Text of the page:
Old English mearcere "writer, notary" (glossing Latin notarius "clerk"), literally "one who marks," agent noun from mark (v.). Not found again until late 15c., hence modern use is perhaps a separate formation. Meaning "monument stone" is from 1888. Sense of "tool for marking" is by 1725; meaning "felt-tipped marker pen" is from 1951, so called because their purpose was to highlight text.
city in Warwickshire, mid-13c., an alteration of Old English Couentre (1043), probably literally "Cofa's tree," from Old English masc. personal name Cofa (genitive Cofan) + tree (n.). If this is correct, the name might refer to a boundary marker or a public assembly place. The explanation that it was named for a convent (see covent) founded there 11c. likely would be folk etymology.
From mid-14c. as "an external limit, that which limits or circumscribes;" figuratively, of feelings, etc., from late 14c. From late 14c. as "limits of an estate or territory." Now chiefly in out of bounds, which originally referred to limits imposed on students at schools; the other senses generally have gone with boundary.
"of or pertaining to magic; working or produced by enchantment; having supernatural qualities or powers," late 14c., from Old French magique, from Latin magicus "magic, magical," from Greek magikos, from magike (see magic (n.)). Magic carpet, a legendary carpet which would transport a person wherever he wished to go, is attested by 1816. Magic Marker (1951) is a registered trademark (U.S.) by Speedry Products, Inc., Richmond Hill, N.Y. Magic lantern "optical instrument whereby a magnified image is thrown upon a wall or screen" is 1690s, from Modern Latin laterna magica (1670s).
1550s, "goal, end, final point," from Latin terminus (plural termini) "an end, a limit, boundary line," from PIE *ter-men- "peg, post," from root *ter-, base of words meaning "peg, post; boundary, marker, goal" (source also of Sanskrit tarati "passes over, crosses over," tarantah "sea;" Hittite tarma- "peg, nail," tarmaizzi "he limits;" Greek terma "boundary, end-point, limit," termon "border;" Gothic þairh, Old English þurh "through;" Old English þyrel "hole;" Old Norse þrömr "edge, chip, splinter"). "The Hittite noun and the usage in Latin suggest that the PIE word denoted a concrete object which came to refer to a boundary-stone." [de Vaan]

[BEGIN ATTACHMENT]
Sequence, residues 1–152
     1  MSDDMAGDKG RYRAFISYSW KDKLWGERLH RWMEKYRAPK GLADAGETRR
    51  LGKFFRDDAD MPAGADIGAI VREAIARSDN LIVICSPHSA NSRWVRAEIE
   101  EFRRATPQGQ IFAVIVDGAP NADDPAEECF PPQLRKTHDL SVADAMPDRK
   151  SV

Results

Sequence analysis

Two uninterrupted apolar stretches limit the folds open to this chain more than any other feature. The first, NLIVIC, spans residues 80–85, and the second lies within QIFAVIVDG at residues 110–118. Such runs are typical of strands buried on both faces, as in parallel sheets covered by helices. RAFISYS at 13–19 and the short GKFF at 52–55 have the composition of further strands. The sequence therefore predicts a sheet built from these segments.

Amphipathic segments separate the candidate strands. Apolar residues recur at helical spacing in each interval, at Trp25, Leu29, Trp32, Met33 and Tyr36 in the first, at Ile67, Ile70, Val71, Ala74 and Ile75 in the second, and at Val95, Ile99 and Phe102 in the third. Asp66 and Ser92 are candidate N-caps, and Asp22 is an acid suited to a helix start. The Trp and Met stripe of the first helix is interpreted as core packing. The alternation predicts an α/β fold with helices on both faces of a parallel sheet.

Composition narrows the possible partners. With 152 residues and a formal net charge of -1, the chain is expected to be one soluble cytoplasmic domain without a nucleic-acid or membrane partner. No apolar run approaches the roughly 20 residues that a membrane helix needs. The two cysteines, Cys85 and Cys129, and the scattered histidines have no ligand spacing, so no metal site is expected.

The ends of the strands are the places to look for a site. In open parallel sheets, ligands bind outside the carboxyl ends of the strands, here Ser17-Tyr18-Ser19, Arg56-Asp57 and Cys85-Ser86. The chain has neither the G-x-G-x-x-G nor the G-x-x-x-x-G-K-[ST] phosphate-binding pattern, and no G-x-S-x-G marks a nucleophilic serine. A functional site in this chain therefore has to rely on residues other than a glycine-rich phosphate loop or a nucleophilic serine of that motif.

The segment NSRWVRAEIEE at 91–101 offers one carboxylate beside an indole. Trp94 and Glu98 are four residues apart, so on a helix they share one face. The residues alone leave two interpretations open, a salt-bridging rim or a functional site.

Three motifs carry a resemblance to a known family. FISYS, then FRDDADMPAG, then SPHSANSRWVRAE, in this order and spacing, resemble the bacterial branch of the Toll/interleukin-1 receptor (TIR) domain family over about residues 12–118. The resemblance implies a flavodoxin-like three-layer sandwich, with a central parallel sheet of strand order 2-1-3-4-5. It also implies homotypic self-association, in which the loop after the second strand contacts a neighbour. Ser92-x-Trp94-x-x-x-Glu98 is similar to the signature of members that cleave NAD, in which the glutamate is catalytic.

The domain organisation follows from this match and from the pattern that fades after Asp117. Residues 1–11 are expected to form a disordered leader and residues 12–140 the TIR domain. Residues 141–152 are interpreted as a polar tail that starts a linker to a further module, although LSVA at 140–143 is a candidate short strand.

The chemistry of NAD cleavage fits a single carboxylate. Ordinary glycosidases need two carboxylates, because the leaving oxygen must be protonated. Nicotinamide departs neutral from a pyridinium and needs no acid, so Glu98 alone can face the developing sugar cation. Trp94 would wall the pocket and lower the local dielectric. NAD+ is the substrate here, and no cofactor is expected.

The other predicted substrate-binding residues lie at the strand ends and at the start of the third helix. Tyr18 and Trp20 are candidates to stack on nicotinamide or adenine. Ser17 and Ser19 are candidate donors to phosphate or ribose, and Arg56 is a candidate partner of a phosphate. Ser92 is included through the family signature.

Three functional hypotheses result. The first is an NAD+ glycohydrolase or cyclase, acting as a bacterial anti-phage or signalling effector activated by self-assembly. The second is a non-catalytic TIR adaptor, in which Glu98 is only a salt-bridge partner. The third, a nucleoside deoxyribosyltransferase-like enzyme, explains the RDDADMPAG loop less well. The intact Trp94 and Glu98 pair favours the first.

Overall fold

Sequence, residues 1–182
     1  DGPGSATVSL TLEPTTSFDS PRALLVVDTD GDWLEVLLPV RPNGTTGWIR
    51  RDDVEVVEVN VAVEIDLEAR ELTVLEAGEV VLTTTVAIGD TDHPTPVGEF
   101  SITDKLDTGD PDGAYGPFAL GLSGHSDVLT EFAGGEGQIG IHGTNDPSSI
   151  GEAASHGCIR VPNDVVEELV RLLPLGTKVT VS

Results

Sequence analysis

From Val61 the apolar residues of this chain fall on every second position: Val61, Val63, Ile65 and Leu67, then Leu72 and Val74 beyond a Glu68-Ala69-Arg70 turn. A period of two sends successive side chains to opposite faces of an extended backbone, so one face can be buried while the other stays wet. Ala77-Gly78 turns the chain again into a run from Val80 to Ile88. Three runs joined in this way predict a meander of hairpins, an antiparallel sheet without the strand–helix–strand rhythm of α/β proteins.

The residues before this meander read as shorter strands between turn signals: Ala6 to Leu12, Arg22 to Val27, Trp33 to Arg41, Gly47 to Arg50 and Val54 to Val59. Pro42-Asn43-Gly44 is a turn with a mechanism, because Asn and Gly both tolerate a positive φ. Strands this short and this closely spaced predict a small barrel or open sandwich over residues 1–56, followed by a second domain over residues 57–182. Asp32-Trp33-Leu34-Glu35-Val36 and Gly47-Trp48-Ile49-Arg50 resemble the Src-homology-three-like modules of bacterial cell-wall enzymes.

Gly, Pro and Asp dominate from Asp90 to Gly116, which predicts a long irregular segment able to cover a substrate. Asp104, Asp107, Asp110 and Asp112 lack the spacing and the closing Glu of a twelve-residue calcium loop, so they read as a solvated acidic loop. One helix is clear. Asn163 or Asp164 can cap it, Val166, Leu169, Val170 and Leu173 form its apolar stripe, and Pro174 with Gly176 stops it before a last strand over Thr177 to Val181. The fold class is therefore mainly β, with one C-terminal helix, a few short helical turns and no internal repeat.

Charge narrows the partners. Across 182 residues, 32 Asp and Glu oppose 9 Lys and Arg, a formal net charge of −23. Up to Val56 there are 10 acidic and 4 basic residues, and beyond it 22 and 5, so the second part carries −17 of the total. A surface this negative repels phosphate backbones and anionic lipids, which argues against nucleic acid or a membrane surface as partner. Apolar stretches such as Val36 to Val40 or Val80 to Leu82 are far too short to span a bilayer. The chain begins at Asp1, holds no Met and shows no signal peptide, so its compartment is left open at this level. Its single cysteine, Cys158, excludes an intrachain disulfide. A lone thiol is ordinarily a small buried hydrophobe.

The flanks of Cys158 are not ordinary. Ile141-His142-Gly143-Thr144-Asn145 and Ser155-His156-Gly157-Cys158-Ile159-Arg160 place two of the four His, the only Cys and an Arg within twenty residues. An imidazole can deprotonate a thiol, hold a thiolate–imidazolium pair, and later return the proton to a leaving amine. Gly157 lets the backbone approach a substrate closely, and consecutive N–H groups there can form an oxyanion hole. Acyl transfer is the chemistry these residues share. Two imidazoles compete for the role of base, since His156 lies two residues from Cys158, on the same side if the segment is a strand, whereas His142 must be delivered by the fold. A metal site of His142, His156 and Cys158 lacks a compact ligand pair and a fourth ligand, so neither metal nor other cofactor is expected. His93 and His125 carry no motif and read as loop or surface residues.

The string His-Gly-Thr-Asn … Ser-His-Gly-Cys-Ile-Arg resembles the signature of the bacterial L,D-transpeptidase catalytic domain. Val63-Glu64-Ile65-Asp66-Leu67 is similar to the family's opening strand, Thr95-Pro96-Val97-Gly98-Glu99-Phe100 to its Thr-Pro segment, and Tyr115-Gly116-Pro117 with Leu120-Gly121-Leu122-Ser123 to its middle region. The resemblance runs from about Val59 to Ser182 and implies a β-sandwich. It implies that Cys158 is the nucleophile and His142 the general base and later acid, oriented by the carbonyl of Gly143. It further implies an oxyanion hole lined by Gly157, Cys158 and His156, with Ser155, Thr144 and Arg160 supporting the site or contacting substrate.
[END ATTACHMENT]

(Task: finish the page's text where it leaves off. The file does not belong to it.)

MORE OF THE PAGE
In ancient Rome, Terminus was the name of the deity who presided over boundaries and landmarks, focus of the important Roman festival of Terminalia (held Feb. 23, the end of the old Roman year). The meaning "either end of a transportation line" is first recorded 1836.
also jack-pot, "big prize," 1944, from slot machine sense (1932), from now-obsolete poker sense (1881) in reference to antes that begin when no player has a pair of jacks or better; from jack (n.) in the card-playing sense + pot (n.1). Earlier, in criminal slang, it meant "trouble," especially "an arrest" (1902).
The regular Draw-Poker game is usually varied by occasional Jack-Pots, which are played once in so many deals, or when all have refused to play, or when the player deals who holds the buck, a marker placed in the pool with every jack-pot. In a jack-pot each player puts up an equal stake and receives a hand. The pot must then be opened by a player holding a hand of the value of a pair of knaves (jacks) or better. If no player holds so valuable a hand the deal passes and each player adds a small sum to the pot or pool. When the pot is opened the opener does so by putting up any sum he chooses, within the limit, and his companions must pay in the same amount or "drop." They also possess the right to raise the opener. The new cards called for are then dealt and the opener starts the betting, the play proceeding as in the regular game. [Encyclopaedia Britannica, 11th ed., 1911, "Poker." The article notes "Jack-Pots were introduced about 1870."]
To hit the jackpot "be very successful" is from 1938.